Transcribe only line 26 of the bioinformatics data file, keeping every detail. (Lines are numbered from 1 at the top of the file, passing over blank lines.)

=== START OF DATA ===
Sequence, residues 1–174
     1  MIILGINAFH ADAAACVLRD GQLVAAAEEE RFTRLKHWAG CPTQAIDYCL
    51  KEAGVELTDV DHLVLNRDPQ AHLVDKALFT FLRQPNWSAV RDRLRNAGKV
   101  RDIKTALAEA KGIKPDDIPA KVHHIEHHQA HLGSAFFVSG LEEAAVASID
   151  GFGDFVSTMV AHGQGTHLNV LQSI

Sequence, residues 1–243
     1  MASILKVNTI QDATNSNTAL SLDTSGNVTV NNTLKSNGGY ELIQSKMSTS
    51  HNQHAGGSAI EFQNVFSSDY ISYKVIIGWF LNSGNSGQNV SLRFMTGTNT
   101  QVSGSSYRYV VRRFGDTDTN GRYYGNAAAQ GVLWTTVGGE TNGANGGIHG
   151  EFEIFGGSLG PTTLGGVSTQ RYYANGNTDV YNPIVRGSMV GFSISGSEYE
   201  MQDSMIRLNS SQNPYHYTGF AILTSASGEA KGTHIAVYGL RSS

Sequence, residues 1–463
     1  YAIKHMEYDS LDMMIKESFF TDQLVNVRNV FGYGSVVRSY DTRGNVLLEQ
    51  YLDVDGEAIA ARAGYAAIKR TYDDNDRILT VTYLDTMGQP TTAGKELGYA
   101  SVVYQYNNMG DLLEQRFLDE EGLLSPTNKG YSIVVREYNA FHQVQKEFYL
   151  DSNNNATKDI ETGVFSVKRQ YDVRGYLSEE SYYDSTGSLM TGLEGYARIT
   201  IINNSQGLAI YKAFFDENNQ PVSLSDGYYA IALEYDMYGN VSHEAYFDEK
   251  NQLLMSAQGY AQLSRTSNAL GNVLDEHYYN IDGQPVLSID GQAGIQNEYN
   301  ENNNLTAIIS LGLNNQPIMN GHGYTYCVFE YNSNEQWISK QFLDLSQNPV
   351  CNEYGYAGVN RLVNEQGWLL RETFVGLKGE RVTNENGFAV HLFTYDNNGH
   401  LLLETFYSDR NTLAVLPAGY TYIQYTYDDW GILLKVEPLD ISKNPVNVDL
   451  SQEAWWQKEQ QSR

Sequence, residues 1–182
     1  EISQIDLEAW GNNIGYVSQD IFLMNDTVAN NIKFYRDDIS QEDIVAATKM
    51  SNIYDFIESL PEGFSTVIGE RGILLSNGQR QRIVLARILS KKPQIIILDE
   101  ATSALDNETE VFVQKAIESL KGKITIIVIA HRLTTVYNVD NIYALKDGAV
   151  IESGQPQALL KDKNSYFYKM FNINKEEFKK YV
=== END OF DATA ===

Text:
   101  ATSALDNETE VFVQKAIESL KGKITIIVIA HRLTTVYNVD NIYALKDGAV